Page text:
This class takes a deep and bracing dive into the growing Impact movement, which aims to proliferate business organizations that deliver both financial and social returns. The course also calls attention to a less widely noted third category of return for those participating in the Impact Economy: the personal fulfillment that comes from pursuits with greater meaning and social significance.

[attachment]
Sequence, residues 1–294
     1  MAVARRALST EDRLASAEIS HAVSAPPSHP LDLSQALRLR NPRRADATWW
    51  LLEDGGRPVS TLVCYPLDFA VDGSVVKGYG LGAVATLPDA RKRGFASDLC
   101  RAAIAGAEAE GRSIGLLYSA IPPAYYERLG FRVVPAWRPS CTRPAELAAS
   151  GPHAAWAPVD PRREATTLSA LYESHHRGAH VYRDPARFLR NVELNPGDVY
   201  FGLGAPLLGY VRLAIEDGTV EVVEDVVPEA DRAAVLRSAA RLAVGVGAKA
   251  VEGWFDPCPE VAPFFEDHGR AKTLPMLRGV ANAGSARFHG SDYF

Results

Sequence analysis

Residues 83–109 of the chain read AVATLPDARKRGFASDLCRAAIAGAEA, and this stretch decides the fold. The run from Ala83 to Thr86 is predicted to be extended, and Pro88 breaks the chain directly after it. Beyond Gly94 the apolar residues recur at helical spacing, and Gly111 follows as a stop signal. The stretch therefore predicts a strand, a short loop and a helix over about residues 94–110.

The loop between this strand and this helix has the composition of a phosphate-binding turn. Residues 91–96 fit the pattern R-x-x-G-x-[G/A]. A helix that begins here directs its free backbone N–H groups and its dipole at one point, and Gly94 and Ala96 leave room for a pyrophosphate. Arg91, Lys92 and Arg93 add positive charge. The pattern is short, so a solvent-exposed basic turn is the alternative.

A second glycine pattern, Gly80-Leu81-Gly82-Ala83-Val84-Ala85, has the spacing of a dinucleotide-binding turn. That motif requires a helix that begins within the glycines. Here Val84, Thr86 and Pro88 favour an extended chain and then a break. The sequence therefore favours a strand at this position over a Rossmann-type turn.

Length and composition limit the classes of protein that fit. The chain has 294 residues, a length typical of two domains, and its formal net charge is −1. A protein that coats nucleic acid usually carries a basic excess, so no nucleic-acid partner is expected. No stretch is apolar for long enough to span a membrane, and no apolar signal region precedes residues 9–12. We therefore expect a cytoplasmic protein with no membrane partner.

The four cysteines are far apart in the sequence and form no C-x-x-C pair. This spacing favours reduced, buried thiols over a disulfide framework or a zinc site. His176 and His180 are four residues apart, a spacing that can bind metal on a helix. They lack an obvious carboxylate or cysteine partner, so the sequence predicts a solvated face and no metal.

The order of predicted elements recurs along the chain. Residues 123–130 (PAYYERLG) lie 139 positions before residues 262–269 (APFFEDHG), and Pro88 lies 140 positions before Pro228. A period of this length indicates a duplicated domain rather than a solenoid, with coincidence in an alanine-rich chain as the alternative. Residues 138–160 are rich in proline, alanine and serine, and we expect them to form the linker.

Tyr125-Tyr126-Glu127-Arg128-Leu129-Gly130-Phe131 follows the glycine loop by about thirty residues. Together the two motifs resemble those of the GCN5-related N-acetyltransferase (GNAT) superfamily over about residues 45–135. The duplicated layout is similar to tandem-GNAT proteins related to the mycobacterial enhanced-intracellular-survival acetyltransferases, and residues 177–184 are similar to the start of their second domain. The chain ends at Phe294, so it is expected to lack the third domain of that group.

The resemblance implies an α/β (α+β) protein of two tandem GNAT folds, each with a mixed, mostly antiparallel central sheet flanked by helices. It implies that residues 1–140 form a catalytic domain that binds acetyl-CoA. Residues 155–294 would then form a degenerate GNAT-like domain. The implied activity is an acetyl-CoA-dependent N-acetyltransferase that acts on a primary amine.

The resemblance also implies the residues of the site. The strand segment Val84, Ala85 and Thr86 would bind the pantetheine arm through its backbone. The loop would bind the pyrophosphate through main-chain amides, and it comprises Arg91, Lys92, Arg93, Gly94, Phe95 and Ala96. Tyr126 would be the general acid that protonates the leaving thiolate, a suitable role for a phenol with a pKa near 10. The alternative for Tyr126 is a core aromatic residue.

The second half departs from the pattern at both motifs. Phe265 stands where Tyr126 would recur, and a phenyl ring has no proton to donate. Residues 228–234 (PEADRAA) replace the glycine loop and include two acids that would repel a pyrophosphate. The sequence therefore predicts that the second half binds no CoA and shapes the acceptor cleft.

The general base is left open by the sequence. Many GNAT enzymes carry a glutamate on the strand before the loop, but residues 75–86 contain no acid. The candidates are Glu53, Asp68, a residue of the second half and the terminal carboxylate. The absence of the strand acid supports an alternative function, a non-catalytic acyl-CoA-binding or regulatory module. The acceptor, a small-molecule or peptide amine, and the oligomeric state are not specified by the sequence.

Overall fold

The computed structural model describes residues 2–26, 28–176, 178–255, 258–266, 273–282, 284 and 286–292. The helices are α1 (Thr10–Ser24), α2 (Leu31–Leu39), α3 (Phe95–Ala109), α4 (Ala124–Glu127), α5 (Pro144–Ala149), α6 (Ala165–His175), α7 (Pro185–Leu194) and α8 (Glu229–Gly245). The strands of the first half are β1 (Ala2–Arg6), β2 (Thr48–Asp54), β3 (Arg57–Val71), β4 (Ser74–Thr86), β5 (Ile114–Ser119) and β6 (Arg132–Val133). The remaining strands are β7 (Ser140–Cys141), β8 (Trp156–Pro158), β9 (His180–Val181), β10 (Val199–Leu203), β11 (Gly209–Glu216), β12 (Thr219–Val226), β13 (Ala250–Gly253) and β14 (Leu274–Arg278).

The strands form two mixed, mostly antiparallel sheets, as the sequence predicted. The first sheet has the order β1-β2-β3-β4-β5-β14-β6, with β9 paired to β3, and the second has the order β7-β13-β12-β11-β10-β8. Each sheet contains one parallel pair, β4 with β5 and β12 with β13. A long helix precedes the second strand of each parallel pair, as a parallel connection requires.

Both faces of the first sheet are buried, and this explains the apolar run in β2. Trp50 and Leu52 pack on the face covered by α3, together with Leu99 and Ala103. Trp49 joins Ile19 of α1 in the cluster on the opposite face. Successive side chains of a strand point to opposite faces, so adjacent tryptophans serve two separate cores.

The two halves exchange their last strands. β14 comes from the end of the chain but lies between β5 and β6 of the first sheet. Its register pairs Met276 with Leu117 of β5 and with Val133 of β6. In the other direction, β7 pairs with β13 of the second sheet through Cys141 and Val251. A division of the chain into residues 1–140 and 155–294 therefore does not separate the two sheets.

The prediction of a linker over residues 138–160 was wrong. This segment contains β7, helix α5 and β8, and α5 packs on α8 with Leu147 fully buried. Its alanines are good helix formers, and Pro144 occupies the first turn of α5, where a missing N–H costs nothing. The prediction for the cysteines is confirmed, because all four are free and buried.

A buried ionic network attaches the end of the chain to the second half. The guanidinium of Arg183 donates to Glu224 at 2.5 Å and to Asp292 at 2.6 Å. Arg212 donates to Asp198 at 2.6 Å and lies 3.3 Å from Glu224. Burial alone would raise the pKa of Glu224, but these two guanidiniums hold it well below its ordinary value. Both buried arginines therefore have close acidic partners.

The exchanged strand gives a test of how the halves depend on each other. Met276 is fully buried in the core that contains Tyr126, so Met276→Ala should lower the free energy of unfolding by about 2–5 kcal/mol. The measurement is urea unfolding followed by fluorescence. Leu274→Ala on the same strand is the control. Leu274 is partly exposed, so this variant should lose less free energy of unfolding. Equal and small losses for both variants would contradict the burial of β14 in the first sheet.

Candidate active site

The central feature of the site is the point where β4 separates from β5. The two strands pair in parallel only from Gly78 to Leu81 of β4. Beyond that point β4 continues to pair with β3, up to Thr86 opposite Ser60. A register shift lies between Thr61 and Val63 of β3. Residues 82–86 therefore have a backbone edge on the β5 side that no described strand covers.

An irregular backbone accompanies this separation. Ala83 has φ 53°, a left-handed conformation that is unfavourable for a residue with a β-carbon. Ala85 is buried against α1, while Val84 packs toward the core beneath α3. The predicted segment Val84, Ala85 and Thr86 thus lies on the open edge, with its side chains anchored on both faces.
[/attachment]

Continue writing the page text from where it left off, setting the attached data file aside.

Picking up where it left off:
This class considers the legal, financial, and economic features of high social impact capitalist enterprise in the contemporary United States. The class discusses socially impactful for-profit enterprises and the challenges they face, not least of which are financial; the novelty of business models in which financial and social returns reinforce each other; and the tension between shareholder and stakeholder value maximization in for-profit companies. The class also considers the role of financial markets and investor preferences, and ultimately the implications for management, labor, and other stakeholders in socially impactful firms. The class is cross-disciplinary, covering topics in law, economics, business, philosophy and public policy, and requires various written assignments, including a team-based final project.
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